A critical view into inflation comes with Thursday’s May U.S. consumer price index.

It is shaping up as one of the most watched numbers for some time after consumer prices jumped by the most in nearly 12 years in April and a debate rages over whether a pick-up in price pressures is fleeting or more sustained.

The reading is also one of the last key pieces of economic data before the Federal Reserve’s June 15-16 meeting.

The Fed’s Randal Quarles believes a recent jump in inflation will prove transitory. Another strong inflation print that lifts Treasury yields could pressure valuations on tech and other growth stocks. 


Trade data from around the Pacific should show goods going west from Japan, China and South Korea, and money flowing east, from North America. Updates from the United States, Germany and Britain are also on the calendar.

The focus on the U.S.-China figures has shifted from “trade war” scoreboard back on fundamentals.

Currency markets will watch the trade data closely for signs that China’s huge surplus is moderating, which could stall the runaway yuan. The currency hit a three-year high versus the dollar in May, triggering a flurry of jawboning from policymakers.

Meanwhile Chinese producer price data on Wednesday will indicate how much inflation is exported as factories start to pass on higher raw material costs to customers.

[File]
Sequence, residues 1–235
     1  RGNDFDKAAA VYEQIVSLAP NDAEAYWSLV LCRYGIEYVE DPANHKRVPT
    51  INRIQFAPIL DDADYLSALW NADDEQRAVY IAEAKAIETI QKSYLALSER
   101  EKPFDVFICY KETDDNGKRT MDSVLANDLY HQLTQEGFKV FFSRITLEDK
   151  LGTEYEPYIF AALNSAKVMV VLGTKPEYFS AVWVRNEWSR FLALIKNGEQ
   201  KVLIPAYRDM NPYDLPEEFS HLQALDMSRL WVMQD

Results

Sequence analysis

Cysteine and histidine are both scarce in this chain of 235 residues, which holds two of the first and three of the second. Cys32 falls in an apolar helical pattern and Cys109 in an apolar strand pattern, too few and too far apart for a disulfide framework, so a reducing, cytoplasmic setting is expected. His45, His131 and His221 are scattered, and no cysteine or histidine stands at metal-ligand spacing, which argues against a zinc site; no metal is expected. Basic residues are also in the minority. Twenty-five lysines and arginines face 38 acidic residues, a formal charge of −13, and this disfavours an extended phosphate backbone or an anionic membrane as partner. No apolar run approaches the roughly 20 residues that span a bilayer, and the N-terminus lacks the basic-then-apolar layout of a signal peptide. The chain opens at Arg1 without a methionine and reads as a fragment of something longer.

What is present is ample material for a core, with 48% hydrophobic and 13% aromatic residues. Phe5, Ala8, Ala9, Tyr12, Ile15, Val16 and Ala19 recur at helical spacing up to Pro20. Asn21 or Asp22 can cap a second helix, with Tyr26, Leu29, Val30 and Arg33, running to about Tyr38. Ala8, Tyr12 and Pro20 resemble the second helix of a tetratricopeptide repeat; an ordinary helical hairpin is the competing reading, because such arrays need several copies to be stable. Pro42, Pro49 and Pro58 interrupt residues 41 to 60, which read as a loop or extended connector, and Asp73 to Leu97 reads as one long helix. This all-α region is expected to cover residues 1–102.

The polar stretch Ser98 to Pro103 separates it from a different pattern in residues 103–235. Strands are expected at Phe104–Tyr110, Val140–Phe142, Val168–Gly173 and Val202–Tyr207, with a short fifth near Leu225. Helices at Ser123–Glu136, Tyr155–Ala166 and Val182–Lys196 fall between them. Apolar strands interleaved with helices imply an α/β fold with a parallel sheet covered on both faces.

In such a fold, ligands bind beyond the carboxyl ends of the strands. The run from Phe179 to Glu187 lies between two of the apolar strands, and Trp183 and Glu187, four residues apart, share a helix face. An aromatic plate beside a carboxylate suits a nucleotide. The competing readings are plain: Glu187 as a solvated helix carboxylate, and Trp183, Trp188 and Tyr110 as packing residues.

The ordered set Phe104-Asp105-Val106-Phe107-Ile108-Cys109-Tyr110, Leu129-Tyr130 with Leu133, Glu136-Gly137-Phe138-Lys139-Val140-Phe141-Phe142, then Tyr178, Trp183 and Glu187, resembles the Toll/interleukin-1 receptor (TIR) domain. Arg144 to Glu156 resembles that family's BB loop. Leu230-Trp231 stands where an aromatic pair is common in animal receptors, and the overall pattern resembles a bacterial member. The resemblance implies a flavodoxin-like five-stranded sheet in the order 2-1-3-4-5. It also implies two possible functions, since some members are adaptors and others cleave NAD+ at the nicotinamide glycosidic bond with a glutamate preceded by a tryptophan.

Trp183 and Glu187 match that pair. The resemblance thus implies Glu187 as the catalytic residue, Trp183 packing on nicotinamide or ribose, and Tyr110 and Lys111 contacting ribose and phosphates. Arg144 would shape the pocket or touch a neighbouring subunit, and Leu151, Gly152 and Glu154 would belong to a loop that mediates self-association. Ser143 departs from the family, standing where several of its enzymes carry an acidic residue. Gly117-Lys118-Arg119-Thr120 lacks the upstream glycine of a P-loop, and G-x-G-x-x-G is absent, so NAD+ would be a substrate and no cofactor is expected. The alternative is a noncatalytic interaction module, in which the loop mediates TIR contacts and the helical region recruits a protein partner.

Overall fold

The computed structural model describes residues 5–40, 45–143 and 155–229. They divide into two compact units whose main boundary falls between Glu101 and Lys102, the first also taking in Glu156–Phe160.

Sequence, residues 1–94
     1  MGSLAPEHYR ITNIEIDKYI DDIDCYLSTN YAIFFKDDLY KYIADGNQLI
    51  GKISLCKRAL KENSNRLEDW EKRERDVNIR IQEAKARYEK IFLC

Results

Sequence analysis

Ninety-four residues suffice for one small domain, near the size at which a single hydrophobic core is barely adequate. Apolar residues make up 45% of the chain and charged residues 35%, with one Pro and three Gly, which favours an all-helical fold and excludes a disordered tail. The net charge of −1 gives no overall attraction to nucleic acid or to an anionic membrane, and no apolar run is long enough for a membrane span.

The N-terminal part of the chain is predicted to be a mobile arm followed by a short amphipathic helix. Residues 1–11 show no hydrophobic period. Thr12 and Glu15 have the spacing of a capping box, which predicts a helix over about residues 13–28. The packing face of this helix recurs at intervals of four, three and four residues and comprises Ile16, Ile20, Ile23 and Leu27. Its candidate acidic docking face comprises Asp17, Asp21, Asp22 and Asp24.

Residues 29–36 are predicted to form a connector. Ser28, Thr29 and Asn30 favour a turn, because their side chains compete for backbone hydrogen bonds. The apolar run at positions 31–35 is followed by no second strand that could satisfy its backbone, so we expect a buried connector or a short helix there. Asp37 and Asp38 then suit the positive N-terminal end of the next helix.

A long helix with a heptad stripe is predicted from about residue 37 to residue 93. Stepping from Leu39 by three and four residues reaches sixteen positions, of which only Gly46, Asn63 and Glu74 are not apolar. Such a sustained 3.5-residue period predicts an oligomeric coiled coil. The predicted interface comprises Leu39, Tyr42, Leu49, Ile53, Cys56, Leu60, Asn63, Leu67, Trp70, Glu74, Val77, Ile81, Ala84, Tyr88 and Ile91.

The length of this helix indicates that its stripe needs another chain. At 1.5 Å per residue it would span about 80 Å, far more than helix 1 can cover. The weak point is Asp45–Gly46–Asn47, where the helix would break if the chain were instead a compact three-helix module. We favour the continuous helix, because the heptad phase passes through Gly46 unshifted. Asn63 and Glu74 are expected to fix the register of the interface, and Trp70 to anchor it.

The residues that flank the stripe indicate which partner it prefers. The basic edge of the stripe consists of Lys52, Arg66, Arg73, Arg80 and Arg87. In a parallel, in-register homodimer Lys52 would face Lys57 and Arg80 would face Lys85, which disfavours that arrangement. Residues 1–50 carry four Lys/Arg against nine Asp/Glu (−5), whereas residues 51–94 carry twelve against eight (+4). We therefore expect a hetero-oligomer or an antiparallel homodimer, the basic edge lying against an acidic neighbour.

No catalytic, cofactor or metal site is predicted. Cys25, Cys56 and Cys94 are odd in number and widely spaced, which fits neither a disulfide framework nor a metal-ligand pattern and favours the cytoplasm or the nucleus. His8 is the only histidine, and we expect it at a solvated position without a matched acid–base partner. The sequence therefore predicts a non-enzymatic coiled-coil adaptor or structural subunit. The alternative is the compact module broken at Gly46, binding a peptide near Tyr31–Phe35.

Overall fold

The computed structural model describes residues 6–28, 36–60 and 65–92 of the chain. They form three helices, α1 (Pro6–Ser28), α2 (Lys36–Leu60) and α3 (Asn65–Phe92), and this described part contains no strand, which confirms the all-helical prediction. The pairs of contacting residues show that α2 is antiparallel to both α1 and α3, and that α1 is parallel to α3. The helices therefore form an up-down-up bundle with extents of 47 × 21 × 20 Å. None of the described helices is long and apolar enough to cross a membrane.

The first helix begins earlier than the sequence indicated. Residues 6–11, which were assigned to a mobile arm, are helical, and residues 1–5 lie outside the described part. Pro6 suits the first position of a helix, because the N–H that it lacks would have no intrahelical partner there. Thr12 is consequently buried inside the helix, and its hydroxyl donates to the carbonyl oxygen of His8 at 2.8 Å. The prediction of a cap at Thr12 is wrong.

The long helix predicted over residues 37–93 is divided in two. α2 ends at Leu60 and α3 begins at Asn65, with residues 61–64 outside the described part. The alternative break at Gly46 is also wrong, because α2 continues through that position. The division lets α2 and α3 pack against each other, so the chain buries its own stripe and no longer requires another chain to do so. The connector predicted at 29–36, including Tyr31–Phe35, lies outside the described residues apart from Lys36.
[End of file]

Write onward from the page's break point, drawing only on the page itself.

The ECB meets Thursday. It has to find a balance between the need to support the euro zone recovery through emergency stimulus and accepting a brighter outlook means its PEPP scheme may not be needed for much longer.

Dovish comments suggest the ECB will continue buying bonds at close to the current pace. This view has pushed sovereign bonds yields down from May’s multi-month highs, the euro is steady, having risen since April.

A modest slowdown in purchases is not ruled out, especially as the quiet summer period approaches. And any signs from ECB chief Christine Lagarde that the taper debate is underway will end the calm in bond markets. 


Leaders of the G7 economies are set to meet in the English seaside county of Cornwall, their first face-to-face encounter since COVID-19 struck and the first for U.S. President Joe Biden.

The summit will be a major test of whether cooperation between Washington and the rest of the world has improved since Donald Trump’s departure, not least as Biden pushes for agreement on a crucial global tax deal.

Finance ministers meet first on Friday and Saturday in London. Hopes of a breakthrough were boosted after British finance minister Rishi Sunak said a U.S. proposal to focus on the world’s 100 biggest firms as part of a tax deal could work.

But considerable detail remains to be agreed. The summit will test the G7’s ability to prove it can work together on complex topics such as increasing taxes on multinationals enjoying a business boom during the pandemic. 


Germany’s ruling Christian Democrats face a key election test before September’s federal election.

Chancellor Angela Merkel’s would-be successor, Armin Laschet, desperately needs his party to win Sunday’s regional vote in Saxony-Anhalt to fend off doubts about his ability to deliver success in September.

Laschet’s party is neck-to-neck with the surging Greens in national polls, both holding around a quarter of the vote.

The left-leaning Greens, meanwhile, kick off their party conference on June 11 and will formally declare Annalena Baerbock their first ever chancellor candidate. Less of a formality will be finalising the ecologist party’s election manifesto – a guide on what might lie ahead for policy in Europe’s largest economy.